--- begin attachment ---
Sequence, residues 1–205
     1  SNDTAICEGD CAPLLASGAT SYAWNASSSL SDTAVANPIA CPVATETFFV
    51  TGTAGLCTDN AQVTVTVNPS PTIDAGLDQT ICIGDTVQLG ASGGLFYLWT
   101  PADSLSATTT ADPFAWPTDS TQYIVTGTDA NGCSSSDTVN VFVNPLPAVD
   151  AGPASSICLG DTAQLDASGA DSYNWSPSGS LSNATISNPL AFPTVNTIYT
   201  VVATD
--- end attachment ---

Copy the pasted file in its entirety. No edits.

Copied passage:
Sequence, residues 1–205
     1  SNDTAICEGD CAPLLASGAT SYAWNASSSL SDTAVANPIA CPVATETFFV
    51  TGTAGLCTDN AQVTVTVNPS PTIDAGLDQT ICIGDTVQLG ASGGLFYLWT
   101  PADSLSATTT ADPFAWPTDS TQYIVTGTDA NGCSSSDTVN VFVNPLPAVD
   151  AGPASSICLG DTAQLDASGA DSYNWSPSGS LSNATISNPL AFPTVNTIYT
   201  VVATD